Health hazard evaluation report: HETA-2003-0248-2940, Florida Department of Agriculture and Consumer Services, Gainesville, Florida.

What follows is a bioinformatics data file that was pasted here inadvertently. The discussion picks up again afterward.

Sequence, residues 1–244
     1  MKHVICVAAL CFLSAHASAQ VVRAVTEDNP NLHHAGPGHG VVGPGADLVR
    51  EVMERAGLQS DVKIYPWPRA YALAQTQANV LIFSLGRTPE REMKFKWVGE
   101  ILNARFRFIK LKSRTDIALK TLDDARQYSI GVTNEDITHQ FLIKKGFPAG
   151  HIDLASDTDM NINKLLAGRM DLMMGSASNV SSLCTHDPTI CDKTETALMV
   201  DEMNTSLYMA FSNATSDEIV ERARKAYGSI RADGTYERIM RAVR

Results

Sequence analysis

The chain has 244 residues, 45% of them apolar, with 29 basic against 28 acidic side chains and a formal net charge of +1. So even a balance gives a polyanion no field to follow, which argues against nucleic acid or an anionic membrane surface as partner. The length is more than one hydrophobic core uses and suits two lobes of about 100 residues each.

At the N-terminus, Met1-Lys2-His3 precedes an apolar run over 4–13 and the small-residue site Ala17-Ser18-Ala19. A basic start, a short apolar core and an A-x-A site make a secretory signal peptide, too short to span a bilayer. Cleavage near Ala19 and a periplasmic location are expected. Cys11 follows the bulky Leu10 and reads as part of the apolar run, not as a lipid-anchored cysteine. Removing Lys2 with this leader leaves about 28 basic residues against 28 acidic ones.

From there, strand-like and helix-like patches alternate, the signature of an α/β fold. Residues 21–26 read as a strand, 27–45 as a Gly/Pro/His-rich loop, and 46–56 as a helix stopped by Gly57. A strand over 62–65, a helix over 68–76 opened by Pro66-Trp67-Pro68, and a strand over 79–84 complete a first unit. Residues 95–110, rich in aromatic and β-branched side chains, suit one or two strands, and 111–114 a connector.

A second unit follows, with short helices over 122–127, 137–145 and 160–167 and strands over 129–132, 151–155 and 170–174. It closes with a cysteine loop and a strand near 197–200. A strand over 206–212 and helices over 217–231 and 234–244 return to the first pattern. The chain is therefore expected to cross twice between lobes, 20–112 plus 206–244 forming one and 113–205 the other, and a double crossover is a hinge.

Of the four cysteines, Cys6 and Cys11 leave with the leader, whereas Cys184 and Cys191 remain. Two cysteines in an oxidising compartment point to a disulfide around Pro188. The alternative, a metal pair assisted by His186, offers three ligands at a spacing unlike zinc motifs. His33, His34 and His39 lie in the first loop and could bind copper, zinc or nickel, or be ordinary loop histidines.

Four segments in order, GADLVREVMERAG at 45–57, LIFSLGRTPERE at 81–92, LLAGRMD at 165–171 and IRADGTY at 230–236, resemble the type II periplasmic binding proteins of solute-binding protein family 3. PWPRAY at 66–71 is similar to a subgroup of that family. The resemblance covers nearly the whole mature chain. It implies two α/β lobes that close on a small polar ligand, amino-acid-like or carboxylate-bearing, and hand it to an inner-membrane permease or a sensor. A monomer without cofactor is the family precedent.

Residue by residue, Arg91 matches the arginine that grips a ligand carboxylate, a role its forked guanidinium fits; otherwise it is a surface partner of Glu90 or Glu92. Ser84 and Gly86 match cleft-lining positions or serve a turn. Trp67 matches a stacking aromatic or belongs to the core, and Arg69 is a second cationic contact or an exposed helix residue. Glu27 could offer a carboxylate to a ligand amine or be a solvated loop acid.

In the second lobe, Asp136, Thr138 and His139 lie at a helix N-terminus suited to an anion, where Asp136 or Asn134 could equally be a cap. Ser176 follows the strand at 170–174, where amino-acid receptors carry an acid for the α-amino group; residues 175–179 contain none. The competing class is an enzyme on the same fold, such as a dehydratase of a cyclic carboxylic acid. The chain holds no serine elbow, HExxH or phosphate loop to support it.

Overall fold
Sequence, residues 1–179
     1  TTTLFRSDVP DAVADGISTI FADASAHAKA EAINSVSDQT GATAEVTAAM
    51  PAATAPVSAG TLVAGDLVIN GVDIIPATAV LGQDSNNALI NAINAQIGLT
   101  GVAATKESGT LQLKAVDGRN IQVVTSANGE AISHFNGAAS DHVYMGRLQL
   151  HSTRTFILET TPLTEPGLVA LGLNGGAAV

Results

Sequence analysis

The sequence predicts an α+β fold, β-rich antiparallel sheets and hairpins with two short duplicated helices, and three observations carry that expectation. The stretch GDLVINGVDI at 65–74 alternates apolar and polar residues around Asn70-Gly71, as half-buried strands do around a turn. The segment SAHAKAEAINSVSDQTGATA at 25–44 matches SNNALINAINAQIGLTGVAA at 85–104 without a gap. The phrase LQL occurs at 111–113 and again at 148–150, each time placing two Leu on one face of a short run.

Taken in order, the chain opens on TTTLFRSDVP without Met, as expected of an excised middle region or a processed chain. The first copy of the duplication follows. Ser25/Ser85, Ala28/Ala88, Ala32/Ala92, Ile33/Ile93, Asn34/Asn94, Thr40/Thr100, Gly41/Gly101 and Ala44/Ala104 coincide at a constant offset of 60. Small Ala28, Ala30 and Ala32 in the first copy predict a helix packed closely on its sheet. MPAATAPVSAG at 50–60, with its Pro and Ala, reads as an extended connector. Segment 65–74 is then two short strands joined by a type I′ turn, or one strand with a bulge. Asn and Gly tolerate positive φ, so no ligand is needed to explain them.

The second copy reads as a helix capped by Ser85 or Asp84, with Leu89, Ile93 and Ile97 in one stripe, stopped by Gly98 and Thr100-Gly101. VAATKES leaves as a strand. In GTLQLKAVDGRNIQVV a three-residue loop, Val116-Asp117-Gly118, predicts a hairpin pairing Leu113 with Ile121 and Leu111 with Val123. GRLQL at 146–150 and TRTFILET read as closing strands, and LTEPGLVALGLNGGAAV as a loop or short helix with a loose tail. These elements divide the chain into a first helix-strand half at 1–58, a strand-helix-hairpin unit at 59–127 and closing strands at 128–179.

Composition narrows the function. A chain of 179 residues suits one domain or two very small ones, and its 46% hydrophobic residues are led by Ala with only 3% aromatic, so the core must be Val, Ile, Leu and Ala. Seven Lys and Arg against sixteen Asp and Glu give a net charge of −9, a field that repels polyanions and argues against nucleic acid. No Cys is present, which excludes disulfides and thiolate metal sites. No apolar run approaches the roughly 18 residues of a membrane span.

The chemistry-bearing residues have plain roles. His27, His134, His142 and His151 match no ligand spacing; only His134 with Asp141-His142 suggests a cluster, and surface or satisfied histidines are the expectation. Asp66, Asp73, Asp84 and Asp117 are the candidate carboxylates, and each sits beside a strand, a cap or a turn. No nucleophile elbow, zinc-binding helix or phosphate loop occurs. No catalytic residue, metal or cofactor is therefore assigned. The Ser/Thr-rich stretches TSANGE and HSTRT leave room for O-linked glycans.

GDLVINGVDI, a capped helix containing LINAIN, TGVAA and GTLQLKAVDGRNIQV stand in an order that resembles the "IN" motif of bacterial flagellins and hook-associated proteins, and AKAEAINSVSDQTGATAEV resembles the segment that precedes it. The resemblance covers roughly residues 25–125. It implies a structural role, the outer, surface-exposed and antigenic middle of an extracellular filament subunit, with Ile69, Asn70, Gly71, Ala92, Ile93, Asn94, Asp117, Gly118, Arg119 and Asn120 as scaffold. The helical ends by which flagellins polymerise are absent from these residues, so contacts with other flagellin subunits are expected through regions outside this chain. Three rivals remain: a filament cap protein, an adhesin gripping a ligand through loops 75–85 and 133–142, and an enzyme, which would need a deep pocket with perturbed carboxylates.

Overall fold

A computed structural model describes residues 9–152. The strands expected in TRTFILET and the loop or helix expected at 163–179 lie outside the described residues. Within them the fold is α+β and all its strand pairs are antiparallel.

On January 20, 2004, National Institute for Occupational Safety and Health (NIOSH) investigators conducted a site visit at the Florida Department of Agriculture and Consumer Services (FDACS) facility in Gainesville, FL. The site visit was conducted in response to a management request for a health hazard evaluation (HHE) to assess worker exposure to ammonium perfluorooctanoate (APFO), a component in a material (Fluon) used in the Biological Control Rearing Facility (BCRF). No health problems were reported; however, employees were concerned because of recent media reports regarding environmental and biological persistence of this material. Fire ants are imported pests that are thriving in southern U.S. The BCRF employees cultivate fire ants to raise phorid flies, the ants' natural predator. The process includes the use of Fluon to coat holding trays for containing imported fire ants. Fluon is the only material that, when applied and dried, offers such low resistance that the ants cannot climb out of the containers. Because Fluon degrades with time, it must be routinely reapplied to the containers. Employees were concerned about potential exposure to APFO during the application process and safe handling procedures when using Fluon. The application process takes place outdoors behind the BCRF. Technicians wear latex gloves when applying the material to trays; no other protective equipment is worn. Twenty-four surface samples for APFO analysis were collected during the survey. Although APFO was detected, the surface sample results did not indicate widespread contamination of APFO throughout the BCRF. APFO was detected in 6 samples: Imported Fire Ant (IFA) Trailer - center of worktable and left side of sink; Attack Room 1 - rim of brooding cup; IFA Workroom - Fluon work cart handles; FAST building, refrigerator #2 (not for food consumption)- inside floor and outside door handle. NIOSH investigators have not determined the hazard associated with exposure to APFO at the FDACS. However, the surface sampling results did not show substantial contamination of APFO throughout the BCRF, thus reducing exposure to APFO. Because APFO was detected in some areas, additional cleaning of surfaces such as worktables, sinks, floors, and handles is warranted. All work surfaces should be cleaned using wet-methods (e.g. damp cloth). Objects coated with Fluon, such as trays, sieves, and brooding cups, should only be handled with gloves. Gloves worn during Fluon application and when handling Fluon coated objects should be properly discarded after application and before touching other surfaces. Food and beverage consumption should not take place in areas where Fluon is handled or applied. Additional recommendations to improve housekeeping and work practices are included in the Recommendations section of this report.